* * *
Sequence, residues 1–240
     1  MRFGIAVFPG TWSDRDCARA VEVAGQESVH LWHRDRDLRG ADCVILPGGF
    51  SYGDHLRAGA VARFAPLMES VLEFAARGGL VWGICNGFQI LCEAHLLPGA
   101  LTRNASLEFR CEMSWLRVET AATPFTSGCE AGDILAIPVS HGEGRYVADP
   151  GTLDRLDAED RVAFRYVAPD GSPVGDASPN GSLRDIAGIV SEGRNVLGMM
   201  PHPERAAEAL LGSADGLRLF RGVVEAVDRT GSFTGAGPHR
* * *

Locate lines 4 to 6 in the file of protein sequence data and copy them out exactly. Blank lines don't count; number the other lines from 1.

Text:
   101  LTRNASLEFR CEMSWLRVET AATPFTSGCE AGDILAIPVS HGEGRYVADP
   151  GTLDRLDAED RVAFRYVAPD GSPVGDASPN GSLRDIAGIV SEGRNVLGMM
   201  PHPERAAEAL LGSADGLRLF RGVVEAVDRT GSFTGAGPHR